Most people have ideas. Some are good, most are not. For some, ideas have become their currency, as they develop, design and co-create solutions to problems they’ve identified (or invented). For those of us in the realm of digital development, communications, or dare I say it, the entrepreneurial space, we are judged on the strength and viability of our ideas. There is no better recognition of a good idea than someone external willing to invest their time and money in helping the budding project see the light of day. Between that and someone willing to pay to use your product, it’s ultimately what we all strive for.
This recognition is particularly true in Australia, where the appetite for risk is decidedly under nourished. Compared to America, whose all-you-can-seed buffet is seemingly finding more seats, Australian investors are more considered, more skeptical and less willing to part with big dollars. In principle, it makes sense as our market size means it takes longer to hit critical mass, but it also means that some truly brilliant ideas may never see the light of day or will be continually bootstrapped into oblivion because developers in their parent’s basement will struggle to test their product with their target market.
So now that we sit here looking at our first letter of investment, to me it should be a time to celebrate. Yes, it means that things are about to get real, but it’s also validation for the months of thought and work that we’ve done. It’s the first step of a very long staircase, and one that I’ve been wanting to climb for some time.
What I’ve since learned is that, while for me it’s a time to get serious about what’s to come next (and apparently due to how strangely my brain is wired, this is legitimate cause for celebration), for others, it’s the moment of truth that means they finally pull the pin. When someone else is offering up their money and is willing to put a stake in what you’re doing, it’s no longer a hobby. It’s not something you kick around in your spare time and dream of “what-if”. When things become a “that’s what”, it requires commitment from your team to get to the next stage.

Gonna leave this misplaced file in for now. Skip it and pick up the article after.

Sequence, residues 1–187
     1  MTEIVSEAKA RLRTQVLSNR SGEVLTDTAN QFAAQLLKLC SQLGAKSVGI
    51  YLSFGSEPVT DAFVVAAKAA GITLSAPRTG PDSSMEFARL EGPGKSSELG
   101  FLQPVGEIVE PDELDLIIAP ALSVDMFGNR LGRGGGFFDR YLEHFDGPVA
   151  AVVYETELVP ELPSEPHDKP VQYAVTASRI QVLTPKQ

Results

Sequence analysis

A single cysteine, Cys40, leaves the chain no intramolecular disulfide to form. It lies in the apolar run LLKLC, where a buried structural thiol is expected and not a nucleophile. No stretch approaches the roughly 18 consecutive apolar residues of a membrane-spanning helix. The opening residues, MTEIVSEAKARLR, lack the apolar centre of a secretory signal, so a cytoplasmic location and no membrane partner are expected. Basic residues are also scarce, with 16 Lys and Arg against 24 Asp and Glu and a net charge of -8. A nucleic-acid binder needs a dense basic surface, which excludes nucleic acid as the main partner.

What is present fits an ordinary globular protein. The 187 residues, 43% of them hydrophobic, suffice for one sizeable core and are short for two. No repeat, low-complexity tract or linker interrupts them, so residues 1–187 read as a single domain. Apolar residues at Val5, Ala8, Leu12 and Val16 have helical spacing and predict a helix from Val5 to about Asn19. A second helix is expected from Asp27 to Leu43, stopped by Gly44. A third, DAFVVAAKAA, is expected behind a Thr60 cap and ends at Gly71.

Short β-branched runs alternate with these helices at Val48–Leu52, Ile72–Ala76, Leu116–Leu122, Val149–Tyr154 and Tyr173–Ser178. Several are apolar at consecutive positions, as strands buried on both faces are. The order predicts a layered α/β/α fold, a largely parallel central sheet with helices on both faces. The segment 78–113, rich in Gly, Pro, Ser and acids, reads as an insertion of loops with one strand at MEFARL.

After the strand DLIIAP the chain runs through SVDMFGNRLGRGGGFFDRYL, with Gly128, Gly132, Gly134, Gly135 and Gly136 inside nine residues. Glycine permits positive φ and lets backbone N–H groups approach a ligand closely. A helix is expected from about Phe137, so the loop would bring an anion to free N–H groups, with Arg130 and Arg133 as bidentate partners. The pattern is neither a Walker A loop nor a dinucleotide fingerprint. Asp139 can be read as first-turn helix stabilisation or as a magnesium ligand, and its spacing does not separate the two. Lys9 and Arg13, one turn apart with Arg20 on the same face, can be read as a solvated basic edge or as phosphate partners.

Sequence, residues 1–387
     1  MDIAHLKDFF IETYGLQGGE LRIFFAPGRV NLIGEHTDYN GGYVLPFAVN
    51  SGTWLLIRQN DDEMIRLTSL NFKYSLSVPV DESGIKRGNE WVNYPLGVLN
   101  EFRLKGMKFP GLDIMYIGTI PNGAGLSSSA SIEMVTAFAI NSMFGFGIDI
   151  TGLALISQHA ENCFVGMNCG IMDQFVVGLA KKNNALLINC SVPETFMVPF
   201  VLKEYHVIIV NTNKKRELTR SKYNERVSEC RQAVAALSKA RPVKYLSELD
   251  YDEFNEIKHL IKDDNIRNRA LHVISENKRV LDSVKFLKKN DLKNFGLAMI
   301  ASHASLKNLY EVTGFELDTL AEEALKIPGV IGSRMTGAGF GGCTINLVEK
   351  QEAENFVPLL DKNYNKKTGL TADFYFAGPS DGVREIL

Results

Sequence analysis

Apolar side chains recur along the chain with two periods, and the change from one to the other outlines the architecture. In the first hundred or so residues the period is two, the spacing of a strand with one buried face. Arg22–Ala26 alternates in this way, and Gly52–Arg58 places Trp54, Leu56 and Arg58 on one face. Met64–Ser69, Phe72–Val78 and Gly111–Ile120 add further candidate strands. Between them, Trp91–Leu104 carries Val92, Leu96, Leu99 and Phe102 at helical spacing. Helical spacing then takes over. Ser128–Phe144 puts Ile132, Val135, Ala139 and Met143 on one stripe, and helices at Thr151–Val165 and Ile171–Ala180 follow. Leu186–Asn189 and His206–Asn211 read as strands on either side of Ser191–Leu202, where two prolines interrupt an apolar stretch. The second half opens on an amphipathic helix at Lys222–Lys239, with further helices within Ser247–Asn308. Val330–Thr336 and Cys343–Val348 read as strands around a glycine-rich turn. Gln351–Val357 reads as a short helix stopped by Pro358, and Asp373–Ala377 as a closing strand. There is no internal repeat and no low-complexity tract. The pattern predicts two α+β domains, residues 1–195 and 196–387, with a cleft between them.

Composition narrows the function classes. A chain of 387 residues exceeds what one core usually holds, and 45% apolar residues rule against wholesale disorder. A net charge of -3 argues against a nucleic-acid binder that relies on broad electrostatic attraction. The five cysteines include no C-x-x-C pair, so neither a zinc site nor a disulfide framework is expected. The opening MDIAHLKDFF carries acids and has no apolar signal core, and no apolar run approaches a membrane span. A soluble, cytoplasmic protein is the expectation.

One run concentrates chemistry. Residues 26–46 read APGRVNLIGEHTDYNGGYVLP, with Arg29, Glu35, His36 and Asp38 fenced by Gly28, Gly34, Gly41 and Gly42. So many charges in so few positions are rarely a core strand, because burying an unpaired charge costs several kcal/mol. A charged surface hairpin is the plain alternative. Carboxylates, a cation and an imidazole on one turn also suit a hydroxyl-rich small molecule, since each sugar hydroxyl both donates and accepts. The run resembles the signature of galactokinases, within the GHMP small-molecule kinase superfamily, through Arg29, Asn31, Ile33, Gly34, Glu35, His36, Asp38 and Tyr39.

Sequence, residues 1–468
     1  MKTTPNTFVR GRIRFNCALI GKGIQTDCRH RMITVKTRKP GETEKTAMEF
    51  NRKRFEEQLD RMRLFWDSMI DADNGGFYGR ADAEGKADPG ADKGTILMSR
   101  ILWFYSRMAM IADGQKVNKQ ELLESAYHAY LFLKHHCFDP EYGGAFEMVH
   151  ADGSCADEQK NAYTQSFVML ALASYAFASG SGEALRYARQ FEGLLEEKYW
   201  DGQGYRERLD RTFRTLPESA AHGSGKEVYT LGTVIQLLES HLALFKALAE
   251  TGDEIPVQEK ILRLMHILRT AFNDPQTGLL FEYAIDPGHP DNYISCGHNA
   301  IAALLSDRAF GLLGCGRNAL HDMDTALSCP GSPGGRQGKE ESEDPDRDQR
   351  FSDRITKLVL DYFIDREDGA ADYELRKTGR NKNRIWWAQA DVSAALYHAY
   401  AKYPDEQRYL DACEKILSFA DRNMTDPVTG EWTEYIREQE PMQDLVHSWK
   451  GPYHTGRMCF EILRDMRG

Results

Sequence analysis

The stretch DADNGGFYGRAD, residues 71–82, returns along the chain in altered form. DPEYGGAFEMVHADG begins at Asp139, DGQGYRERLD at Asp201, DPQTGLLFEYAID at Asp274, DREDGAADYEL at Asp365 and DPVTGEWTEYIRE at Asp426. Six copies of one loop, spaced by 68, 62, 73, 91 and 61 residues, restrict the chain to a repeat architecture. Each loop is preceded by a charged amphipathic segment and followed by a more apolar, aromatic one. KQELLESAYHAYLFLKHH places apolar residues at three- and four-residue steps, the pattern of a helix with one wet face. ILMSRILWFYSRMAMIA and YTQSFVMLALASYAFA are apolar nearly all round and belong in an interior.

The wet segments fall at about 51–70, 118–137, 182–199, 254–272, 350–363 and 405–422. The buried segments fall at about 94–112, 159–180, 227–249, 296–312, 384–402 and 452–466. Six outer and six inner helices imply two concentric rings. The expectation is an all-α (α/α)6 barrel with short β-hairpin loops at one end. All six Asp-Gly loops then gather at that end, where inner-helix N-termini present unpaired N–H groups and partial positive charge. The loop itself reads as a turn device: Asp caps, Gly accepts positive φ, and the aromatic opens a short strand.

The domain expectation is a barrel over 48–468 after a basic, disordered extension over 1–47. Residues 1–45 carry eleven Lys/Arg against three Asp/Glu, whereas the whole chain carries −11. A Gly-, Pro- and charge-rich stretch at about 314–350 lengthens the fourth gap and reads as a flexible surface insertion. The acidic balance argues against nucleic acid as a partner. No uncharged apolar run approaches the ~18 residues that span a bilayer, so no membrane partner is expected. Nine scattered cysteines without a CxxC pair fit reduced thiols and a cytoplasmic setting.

When you lose a team member, at any stage, it feels like a punch to the gut. Particularly one you’ve worked with since the beginning. It suddenly makes you question your own involvement, because the notion that this is not the single most important thing in one’s life is almost a foreign concept and one that stops you in your tracks. It seems strange to say after all these months of work, and finally receiving validation of your efforts that it’s not the thing you want to focus on most.
For someone like myself, I require external input to understand how I view the world. I often wonder if I’m the crazy one or if my point of view is rational. I relish the opportunity to work with my mentors and advisors and learn from any feedback I can.
Thankfully, when the people you choose to form your team and board of advisors are not only supportive and compassionate but truly objective, it helps you work through these shocks to the system. They’re the ones who help you articulate what you already knew, but in a way that makes you feel like the decision to press on is absolutely the right one. And that’s when you realise that not only is shit about to get real, but it’s also about to get really fun.